University of Kansas

KU coach Bill Self happy for former Jayhawk center, who reaps huge payday

Bill Self, who coached Joel Embiid (left) for one season at Kansas, is happy for his former center, who has landed a five-year contract extension with the Philadelphia 76ers worth $148 million.
Bill Self, who coached Joel Embiid (left) for one season at Kansas, is happy for his former center, who has landed a five-year contract extension with the Philadelphia 76ers worth $148 million.

Kansas basketball coach Bill Self has been able to personally congratulate the NBA’s new $148 million man — former Jayhawk center Joel Embiid — on landing a five-year contract extension that will keep the 7-footer with the Philadelphia 76ers through the 2022-23 season.

“We texted back and forth. He’s happy. We’re all happy for Jo,” Self, who coached one-and-done college player Embiid during the 2013-14 season, said Tuesday after it was announced by the Sixers that Embiid had signed a designated maximum rookie scale contract extension.

“We’re happy for Jo and Wiggs, all those guys,” Self added of Embiid, Andrew Wiggins and other former Jayhawks in the NBA. “To think those guys both maxed out and will have made $180 or $190 million dollars (with incentives) by the time they are 27, that’s pretty cool.”

Former KU wing Wiggins of the Minnesota Timberwolves, the No. 1 pick in the 2014 NBA Draft (Embiid was tabbed third in the same draft) has said he will sign his own five-year, $148 million contract extension before the Oct. 16 deadline to prevent him from becoming a restricted free agent after the 2017-18 campaign.

Embiid, 23, has earned about $14 million his first three years in the league while playing in just 31 total games because of injuries. A starter from day one, the 22-year-old Wiggins has earned about $17 million in his first three campaigns while playing in all but one game.

“It’s not going to hurt, that’s for sure,” Self said, when asked if the highly publicized players’ contract negotiations and extensions could help in recruiting.

“I mean, we want our guys to make as much money as they can when they leave,” Self added. “(But) that’s not what we sell guys on when we go in the homes. That’s not the main thing. We’re happy for them, but not any happier for Jo than Frank (Mason, second-round pick with the Sacramento Kings). I’m certainly happy for everybody (that makes a living in the pros).”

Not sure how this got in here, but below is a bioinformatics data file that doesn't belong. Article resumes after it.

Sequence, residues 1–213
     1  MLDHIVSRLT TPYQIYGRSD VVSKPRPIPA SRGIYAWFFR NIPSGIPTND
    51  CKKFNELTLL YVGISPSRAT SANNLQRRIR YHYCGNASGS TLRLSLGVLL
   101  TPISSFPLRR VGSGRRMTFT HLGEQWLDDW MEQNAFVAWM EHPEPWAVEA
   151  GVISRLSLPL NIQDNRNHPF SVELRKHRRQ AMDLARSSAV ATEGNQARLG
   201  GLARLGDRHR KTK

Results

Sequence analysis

Self and current members of the KU team will be able to visit with Embiid in person soon enough.

The Sixers, who play the Miami Heat on Friday night in an NBA exhibition game at the Sprint Center, are planning on practicing Thursday in Lawrence, a Sixers official told The Star on Tuesday night.

Embiid, who returned to 5-on-5 scrimmaging last Friday and at practice Tuesday appeared fully recovered from last March’s surgery to repair a torn meniscus in his left knee, is listed as probable for Wednesday night’s exhibition game against the Brooklyn Nets at Nassau Coliseum in Uniondale, N.Y.

Barring any setbacks, Embiid, who missed the team’s first three exhibitions, should be healthy enough to practice at KU, then play during his return trip to the Sprint Center, where he scored 18 points, grabbed six rebounds blocked four shots and had three steals in the Jayhawks’ 80-63 victory over New Mexico on Dec. 14, 2013.

Embiid did not play in the Big 12 Tournament or NCAA Tournament because of a back injury in his one-and-done season at KU.

On Tuesday he spoke with reporters about his new contract — one he signed Monday on his mother Christine’s birthday.

“It’s amazing. I am blessed. I am in an amazing position,” Embiid said. “It just shows you how much the team trusts me. I can’t wait to get out there and play especially for the city of Philadelphia.

“I was thrilled. I was happy. I was amazed. I didn’t know what to say, but I was happy,” he added of his emotions being presented the new contract.

He wants to use some of the money to support his foundation run by his parents in his native country of Cameroon.

“Over there, there’s a lot of poverty,” Embiid told “A lot of people don’t have a lot of stuff. I feel like I need to do a lot of stuff over there.”

Embiid missed the first two seasons of his NBA career because of a pair of surgeries to repair the navicular bone in his right foot. He played well in 31 games in 2016-17, averaging 20.2 points and 7.8 rebounds, before undergoing knee surgery on March 24.

Embiid has missed the first three exhibition games of the 2017-18 preseason as the team takes a cautious approach to his return from a meniscus tear in his left knee. His last game played was Jan. 27.

According to, Embiid’s new contract is “heavily salary-cap protected should Embiid miss significant playing time because of injuries.”

“I would term it shared risk,” Sixers president Bryan Colangelo said, declining to disclose salary cap protections to “I talk about finding the common ground. We have found the common (ground).

“Again, I fully anticipate and hope we are paying the entirety of the contract,” he added.

His teammates are happy, not jealous.

“He’s a beast. As soon as he hits that court, I can’t name one person who’s going to stop him. Honestly, there’s nobody that can compete with him in his position. There’s no one,” Sixers guard Ben Simmons told

Gary Bedore: 816-234-4068, @garybedore